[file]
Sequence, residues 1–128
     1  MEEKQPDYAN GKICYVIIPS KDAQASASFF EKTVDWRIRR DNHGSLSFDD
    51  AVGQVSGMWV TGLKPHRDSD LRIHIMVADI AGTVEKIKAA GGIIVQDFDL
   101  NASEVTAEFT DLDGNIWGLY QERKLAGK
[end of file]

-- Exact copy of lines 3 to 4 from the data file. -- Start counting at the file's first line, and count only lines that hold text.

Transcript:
    51  AVGQVSGMWV TGLKPHRDSD LRIHIMVADI AGTVEKIKAA GGIIVQDFDL
   101  NASEVTAEFT DLDGNIWGLY QERKLAGK